National Women's Friendship Month first began as National Women's Friendship Day in 1999 (celebrated the third Sunday in September each year).

Following the 10th anniversary of National Women's Friendship Day in 2008, it became apparent that one day just wasn't enough, so the celebration was expanded to the entire month of September beginning in 2009.

"All women find strength, comfort and inspiration from their girlfriends," said Melanie Schild, Executive Director of Kappa Delta and the brains behind the creation of the celebration. "In a time of increasing demands, we want to encourage women to take the time to nurture and celebrate these important relationships."

Plus a landmark study by UCLA suggests that friendships between women are special. They shape who we are and who we are yet to be. They soothe our tumultuous inner world, fill the emotional gaps in our marriage, and help us remember who we really are. But they may do even more. Scientists now suspect that hanging out with our friends can actually counteract the kind of stomach-quivering stress most of us experience on a daily basis.

"Until this study was published, scientists generally believed that when people experience stress, they trigger a hormonal cascade that revs the body to either stand and fight or flee as fast as possible," explains Laura Cousino Klein, PhD, now an assistant professor of biobehavioral health at Pennsylvania State University in State College and one of the study's authors. It's an ancient survival mechanism left over from the time we were chased across the planet by saber-toothed tigers. Now the researchers suspect that women have a larger behavioral repertoire than just "fight or flight.

"In fact, says Dr.Klein, "it seems that when the hormone oxytocin is released as part of the stress response in a woman, it buffers the fight or flight" response and encourages her to tend children and gather with other women instead. When she actually engages in this tending or befriending, studies suggest that more oxytocin is released, which further counters stress and produces a calming effect. This calming response does not occur in men, says Dr. Klein, because testosterone- which men produce in high levels when they're under stress- seems to reduce the effects of oxytocin. Estrogen, she adds, seems to enhance it. (Yay - finally estrogen is a good thing.)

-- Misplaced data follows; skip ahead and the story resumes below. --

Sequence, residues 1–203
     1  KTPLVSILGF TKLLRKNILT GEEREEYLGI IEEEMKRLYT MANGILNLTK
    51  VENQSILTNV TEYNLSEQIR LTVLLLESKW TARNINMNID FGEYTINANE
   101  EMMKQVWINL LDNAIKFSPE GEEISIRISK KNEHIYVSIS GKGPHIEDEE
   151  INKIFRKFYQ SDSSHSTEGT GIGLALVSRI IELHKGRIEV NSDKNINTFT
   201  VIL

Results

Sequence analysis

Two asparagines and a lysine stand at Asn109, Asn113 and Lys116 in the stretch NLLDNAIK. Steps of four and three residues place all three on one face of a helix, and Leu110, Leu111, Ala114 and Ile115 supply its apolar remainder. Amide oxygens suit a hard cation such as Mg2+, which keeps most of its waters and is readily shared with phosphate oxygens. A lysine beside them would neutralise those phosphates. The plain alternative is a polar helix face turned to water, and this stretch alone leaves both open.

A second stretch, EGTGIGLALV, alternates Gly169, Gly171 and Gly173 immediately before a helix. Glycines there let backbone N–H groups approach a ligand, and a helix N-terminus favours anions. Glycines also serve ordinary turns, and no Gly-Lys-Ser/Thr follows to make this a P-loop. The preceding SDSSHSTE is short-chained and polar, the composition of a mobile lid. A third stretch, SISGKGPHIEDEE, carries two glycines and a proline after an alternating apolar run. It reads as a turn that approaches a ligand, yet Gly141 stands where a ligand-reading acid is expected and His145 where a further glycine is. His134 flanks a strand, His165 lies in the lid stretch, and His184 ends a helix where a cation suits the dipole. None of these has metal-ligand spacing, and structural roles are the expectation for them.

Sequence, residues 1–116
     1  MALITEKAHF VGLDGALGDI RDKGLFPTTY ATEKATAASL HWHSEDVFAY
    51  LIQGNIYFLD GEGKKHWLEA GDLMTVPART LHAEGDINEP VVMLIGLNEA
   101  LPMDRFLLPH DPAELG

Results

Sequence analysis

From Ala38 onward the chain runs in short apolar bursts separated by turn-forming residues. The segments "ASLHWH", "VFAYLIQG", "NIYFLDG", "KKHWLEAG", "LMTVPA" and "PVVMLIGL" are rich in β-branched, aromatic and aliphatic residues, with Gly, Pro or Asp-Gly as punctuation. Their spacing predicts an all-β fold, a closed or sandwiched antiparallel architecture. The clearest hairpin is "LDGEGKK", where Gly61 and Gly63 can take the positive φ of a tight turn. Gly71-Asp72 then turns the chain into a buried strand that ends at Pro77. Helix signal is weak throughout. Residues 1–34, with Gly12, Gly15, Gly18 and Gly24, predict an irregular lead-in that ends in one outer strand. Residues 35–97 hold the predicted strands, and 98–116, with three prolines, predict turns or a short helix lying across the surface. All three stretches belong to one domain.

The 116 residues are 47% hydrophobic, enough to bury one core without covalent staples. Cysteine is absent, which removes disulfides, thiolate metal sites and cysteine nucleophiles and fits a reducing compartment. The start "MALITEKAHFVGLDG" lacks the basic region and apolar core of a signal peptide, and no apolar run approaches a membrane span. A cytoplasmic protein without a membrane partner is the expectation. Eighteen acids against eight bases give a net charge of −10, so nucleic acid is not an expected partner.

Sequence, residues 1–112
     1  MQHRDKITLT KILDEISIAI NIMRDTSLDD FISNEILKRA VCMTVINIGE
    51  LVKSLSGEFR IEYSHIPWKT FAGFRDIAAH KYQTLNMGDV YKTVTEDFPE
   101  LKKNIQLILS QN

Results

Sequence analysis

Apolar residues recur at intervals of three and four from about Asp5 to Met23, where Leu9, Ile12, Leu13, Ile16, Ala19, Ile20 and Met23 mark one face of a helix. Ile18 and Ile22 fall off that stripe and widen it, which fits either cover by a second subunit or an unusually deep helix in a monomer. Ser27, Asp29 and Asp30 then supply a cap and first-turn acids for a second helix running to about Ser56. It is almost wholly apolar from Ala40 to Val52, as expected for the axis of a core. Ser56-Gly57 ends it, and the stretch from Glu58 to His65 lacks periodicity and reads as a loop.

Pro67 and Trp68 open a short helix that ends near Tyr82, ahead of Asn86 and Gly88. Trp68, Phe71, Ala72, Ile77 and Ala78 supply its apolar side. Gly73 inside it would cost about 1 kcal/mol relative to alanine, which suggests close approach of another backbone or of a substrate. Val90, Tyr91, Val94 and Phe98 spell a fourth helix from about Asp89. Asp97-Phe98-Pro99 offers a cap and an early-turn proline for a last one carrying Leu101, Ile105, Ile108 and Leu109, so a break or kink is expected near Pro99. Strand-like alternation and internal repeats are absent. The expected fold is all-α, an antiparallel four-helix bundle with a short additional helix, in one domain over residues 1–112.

The famed Nurses' Health Study from Harvard Medical School found that the more friends women had, the less likely they were to develop physical impairments as they aged, and the more likely they were to be leading a joyful life. In fact, the results were so significant, the researchers concluded, that not having close friend or confidante was as detrimental to your health as smoking or carrying extra weight!

Click these links to read more about the National Women's Friendship Month ( and the UCLA study. (


Author's Bio: 

Results Coach; Self Worth Advocate; Bounce-back Expert; Author; Publisher; Speaker.

As a Results Coach, Sumner Davenport works in harmony with her clients to assist them in discovering what is true for themselves, growing their businesses and surpassing their personal goals.

As a published author, Sumner works with aspiring authors, brings authors together in joint projects and assists published authors to find greater marketing exposure through Self Investment Publishing Company.

She is sought after as a speaker and is quoted often. One of her quotes was voted to be included in the Top 10 Healthy Thoughts of 2007.

Her greatest passion is seeing people live the life of their dreams while assisting others to do the same. She encourages people to question their premature cognitive commitments and discover their own truth for their lives.

Sumner's next book is being released in November 2009, titled Stress Out.